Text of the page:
PHOTO TIP #1: Turn off the Automatic Mode.
This is the first step in taking control of your image-making. Don’t let the camera make critical exposure decisions for you. In this easy lesson, you will gain an overview of light, the camera’s metering system, and accurately determining exposure. This is photography’s most basic precept and with a little practice it will quickly become second nature.
Let’s start with what is commonly referred to as the exposure triangle–which consists of your ISO (light sensitivity), aperture (lens opening), and shutter speed. There is an interrelationship between these three components and when you change one setting, it directly affects the other two. A camera’s ISO settings range from 50 (the least sensitive), 100, 200, 400, 800, etc…up to as high as 25,600, for extremely low-light situations. Changing your ISO setting from 100 to 200, increases the exposure by 1 stop. Reducing your ISO setting from, say, 400 to 200, decreases exposure by 1 stop. The general rule is to use as low an ISO setting as conditions allow to reduce unwanted noise in the image. Aperture refers to the size of the lens opening (f-stop). Your f-stop determines the amount of light reaching the sensor or film plane. Full stops range from f/1.8 (wide open), 2.8, 4, 5.6, 8, 11, 16, up to f/22 or f/32 (smallest opening). Stopping down from f/8 (larger) to f/16 (smaller) results in a 2-stop decrease in exposure, and so you must reduce your shutter speed and/or increase the ISO setting a total of 2 stops. Shutter speed is the amount of time that the shutter is open and allowing light to hit the sensor. Settings on a digital SLR generally range from 30 seconds up to 1/8000 second. A slow shutter speed requires a smaller aperture to compensate for a longer exposure time. A fast shutter speed requires a larger lens opening to allow for a decreased exposure time. For example, if you are shooting a sporting event at an ISO of 100 with a lens opening of f/11 at 1/125 second and you want to increase your shutter speed to 1/500 second to freeze the action, you have reduced the amount of light you are letting in by 2 stops. Increasing your shutter speed from 1/125 to 1/250 second reduces your exposure 1 stop, and increasing it to 1/500 second reduces the exposure by another stop, for a total of 2 stops. To adjust for the decrease, it is necessary to open the lens and/or increase the ISO setting 2 stops. In this case, I would choose to open the lens 1 stop, from f/11 to f/8, and increase the ISO setting 1 stop, from ISO 100 to ISO 200. This allows me to maintain a relatively small aperture for increased depth-of-field and sharp focus with minimum noise.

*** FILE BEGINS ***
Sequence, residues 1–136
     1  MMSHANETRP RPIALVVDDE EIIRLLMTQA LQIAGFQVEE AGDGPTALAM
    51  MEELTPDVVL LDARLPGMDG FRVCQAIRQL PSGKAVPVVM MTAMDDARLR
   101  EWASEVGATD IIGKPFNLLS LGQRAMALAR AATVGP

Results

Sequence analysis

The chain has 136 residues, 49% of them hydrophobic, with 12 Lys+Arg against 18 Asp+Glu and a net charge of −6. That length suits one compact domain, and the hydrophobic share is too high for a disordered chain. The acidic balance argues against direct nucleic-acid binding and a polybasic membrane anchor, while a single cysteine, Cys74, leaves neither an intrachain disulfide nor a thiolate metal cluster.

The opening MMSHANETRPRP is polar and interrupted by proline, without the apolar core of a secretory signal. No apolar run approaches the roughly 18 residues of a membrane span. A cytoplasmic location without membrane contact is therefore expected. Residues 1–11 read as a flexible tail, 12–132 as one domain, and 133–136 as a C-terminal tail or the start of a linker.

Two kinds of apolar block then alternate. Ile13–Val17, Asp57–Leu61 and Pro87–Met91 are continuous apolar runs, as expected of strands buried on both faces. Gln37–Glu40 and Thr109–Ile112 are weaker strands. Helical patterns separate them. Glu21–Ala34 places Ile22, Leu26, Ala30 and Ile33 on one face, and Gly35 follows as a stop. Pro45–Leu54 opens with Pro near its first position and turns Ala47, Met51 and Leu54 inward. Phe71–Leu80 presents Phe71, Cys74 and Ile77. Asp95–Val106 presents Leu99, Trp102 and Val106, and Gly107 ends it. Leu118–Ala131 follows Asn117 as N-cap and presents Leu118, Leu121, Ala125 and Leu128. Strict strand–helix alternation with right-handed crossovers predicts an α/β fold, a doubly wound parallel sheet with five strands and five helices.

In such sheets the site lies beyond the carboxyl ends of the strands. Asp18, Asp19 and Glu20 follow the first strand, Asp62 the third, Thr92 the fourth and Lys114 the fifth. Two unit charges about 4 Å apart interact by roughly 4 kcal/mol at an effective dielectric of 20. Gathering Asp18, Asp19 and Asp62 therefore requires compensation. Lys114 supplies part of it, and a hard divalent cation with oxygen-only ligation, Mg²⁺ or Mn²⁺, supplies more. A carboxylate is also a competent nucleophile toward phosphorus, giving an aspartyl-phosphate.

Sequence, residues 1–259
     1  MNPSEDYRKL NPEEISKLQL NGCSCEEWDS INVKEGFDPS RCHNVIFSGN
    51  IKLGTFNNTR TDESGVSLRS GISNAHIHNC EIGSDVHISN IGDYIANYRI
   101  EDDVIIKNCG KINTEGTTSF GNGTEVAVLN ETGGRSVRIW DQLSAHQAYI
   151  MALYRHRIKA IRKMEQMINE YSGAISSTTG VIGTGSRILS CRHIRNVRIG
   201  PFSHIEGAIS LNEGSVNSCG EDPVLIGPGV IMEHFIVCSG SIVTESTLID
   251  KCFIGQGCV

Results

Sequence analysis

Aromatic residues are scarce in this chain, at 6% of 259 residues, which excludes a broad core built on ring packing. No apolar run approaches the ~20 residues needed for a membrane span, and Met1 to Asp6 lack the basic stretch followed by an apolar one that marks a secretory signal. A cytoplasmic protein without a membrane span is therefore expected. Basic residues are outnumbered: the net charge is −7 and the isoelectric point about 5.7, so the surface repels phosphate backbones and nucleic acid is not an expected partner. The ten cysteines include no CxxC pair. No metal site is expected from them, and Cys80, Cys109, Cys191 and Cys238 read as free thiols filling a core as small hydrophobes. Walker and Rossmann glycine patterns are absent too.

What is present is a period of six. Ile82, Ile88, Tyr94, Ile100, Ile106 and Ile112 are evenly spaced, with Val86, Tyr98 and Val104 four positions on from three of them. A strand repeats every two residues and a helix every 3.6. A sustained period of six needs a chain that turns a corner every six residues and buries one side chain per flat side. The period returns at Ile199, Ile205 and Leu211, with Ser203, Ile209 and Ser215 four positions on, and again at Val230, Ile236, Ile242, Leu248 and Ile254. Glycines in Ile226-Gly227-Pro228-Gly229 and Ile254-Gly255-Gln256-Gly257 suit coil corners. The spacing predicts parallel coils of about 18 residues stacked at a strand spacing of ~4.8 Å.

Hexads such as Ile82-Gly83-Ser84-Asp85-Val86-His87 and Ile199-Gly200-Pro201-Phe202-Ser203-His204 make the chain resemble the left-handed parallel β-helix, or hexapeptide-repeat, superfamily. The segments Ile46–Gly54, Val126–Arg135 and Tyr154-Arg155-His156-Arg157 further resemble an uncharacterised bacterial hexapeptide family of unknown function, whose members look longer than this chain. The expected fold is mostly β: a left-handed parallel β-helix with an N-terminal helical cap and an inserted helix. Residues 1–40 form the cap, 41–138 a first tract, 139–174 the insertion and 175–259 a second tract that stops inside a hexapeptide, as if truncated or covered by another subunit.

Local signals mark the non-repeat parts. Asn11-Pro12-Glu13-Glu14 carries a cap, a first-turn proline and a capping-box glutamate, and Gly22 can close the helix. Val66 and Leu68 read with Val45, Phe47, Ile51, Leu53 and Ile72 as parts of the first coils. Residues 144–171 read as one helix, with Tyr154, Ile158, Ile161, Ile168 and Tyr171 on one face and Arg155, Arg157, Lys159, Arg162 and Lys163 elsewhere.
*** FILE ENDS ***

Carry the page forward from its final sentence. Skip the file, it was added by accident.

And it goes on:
A brief word on depth-of-field. The term depth-of-field refers to the area within the picture that is in sharp focus. In general, the smaller the lens opening (f/22 or f/32), the greater the depth-of-field. The larger the lens opening (f/1.4 or f/1.8), the shallower the depth-of-field. When you focus directly on your subject, the depth-of-field begins 1/3 in front of your subject and ends 2/3 behind it–that is, if you’ve determined your depth-of-field to be 9 feet, that area of sharp focus begins 3 feet in front of the subject and ends 6 feet behind it. I will talk more about depth-of-field in a future Photo Tips post.
The Gray Card and Determining Exposure
The average scene you encounter is calculated to have a light reflectivity of 18%, and so the camera’s light meter is calibrated to this 18% reflectivity. This is well and good, but the majority of scenes are not average, and if you rely on the Automatic setting, you will likely get average results, and most of the time. Have you ever taken a photo of a snow-covered landscape, to find that the snow is rendered a dingy gray tone? In the days of film, this was always a horrific discovery. Of course, with digital technology the results are instantaneous and so you can view the image and adjust accordingly. The camera’s meter is not able to determine when a particular scene deviates from this 18% reflectivity, such as sunlit snow, which may have an 80 or 90% reflectivity–or a dark object, which may have little-to-no reflection at all. The meter is always going to assign these things a tonal value of 18%.
An 18% Gray Card allows you to accurately determine exposure in any lighting condition. They are available at B & H PhotoVideo, or any camera supplier. To use the Gray Card, you simply point your camera in the direction of your intended subject. You then place the card in front of the camera lens until it just fills your viewfinder. It is imperative that your subject and gray card receive the same illumination. If your subject is in full sun, the gray card must also be reflecting full sun. Take your reading. You may choose to fine-tune your exposure by bracketing 1/2 to 1 stop.
A little trick I use while skiing is to meter directly off the snow. In bright light conditions, I will take my reading in the same direction and light as my intended subject, and then open the lens 2 stops and bracket. On overcast days, I will meter off the snow and open 1 to 1-1/2 stops, depending on the intensity of the light. You can also meter off the palm of your hand and open 1 stop. I have a lens cleaning cloth that doubles as a Gray Card. It’s very compact and extremely lightweight. For minimalists such as myself, it’s the perfect solution. Eventually, through using the gray card repeatedly, you will learn to recognize objects with an approximate 18% tonal value, allowing you to meter on the fly.
Please feel free to contact me with any comments, questions or suggestions.
Until next time, happy image-making…